Science or Fiction in 50 Years: Introduction

David Brin, in his foreword to the book Earth, shared the challenge he felt writing science fiction that takes place fifty years into our future. Within ten years real world events can turn an interesting read into a joke, as the author finds they took a left while the technology took a right. In this column we join David Brin in accepting the challenge of looking forward fifty years. In each column we will pick a technology from the world of science fiction and explore present day startups for clues to answer our question: Will it be science or fiction in fifty years?

As a founder and investor of technology companies, I’ve had the pleasure of meeting some great entrepreneurs and investors in Silicon Valley and beyond. Since my time at MIT in the 90s, I’ve loved learning the origin of technology stories and the mechanics of new products. I’ve found that for every company I succeeded in building, like Clover, the point of sale system that now processes $135B a year on the countertops of small businesses, I’ve helmed many more that didn’t achieve escape velocity. I will try to share all of my experiences, the good, the bad and the buggy, as part of this column.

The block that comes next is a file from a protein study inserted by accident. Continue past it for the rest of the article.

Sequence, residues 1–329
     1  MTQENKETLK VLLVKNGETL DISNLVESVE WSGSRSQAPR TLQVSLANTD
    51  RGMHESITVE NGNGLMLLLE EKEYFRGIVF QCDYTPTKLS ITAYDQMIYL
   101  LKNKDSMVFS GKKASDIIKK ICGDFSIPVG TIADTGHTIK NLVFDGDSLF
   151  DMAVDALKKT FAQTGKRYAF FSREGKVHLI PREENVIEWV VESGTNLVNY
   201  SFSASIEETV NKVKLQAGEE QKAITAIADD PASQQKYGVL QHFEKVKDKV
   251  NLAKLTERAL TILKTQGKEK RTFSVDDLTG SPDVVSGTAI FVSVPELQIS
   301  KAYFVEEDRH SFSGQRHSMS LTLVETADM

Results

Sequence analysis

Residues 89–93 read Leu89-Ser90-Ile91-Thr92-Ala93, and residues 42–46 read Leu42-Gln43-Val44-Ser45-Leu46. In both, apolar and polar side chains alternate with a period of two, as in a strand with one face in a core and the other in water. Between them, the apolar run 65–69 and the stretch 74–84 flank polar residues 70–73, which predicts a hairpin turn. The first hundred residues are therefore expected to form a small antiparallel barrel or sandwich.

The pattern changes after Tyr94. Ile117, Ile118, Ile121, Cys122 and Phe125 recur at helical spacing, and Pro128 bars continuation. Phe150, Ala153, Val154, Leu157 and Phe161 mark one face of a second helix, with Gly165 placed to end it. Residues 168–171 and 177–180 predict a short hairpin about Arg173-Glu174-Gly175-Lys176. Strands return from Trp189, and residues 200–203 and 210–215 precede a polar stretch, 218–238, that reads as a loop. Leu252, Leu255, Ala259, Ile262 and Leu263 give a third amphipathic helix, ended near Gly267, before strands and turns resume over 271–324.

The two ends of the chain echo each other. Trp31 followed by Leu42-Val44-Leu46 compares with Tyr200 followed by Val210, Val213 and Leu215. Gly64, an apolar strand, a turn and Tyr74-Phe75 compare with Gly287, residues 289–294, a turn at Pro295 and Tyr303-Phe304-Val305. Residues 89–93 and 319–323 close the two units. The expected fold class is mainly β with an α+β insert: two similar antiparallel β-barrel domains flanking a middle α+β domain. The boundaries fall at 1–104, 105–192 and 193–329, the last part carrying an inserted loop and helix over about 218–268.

My column formula, for now, will start with a review of the themes authors followed through the decades as they introduced a new technology. Then, I’ll share the major categories of real science that might turn those ideas into reality. Last, I’ll look at the dynamics of bringing those ideas to market within our lifetimes and talk about the startups taking advantage of those tailwinds.

Here are a few examples of the technologies that might find a way into a future column: Computer Superintelligence, Ansibles, Androids, Mutants, Teleportation, Instant Learning, Portals Between Worlds, Emergent Behavior, Deep Freeze, Dyson Spheres, Uplift, Replication, Living Forever, and Terraforming. Do you have suggestions for others? Send them my way.


Leonard Speiser started several technology companies including Clover (sold to First Data) and Bix (sold to Yahoo!) and is an active investor in technology startups. Leonard has previously worked at eBay, Intuit, and CSFB. He graduated from MIT in 1996. Follow him on Twitter: @leonardspeiser or connect to him on LinkedIn: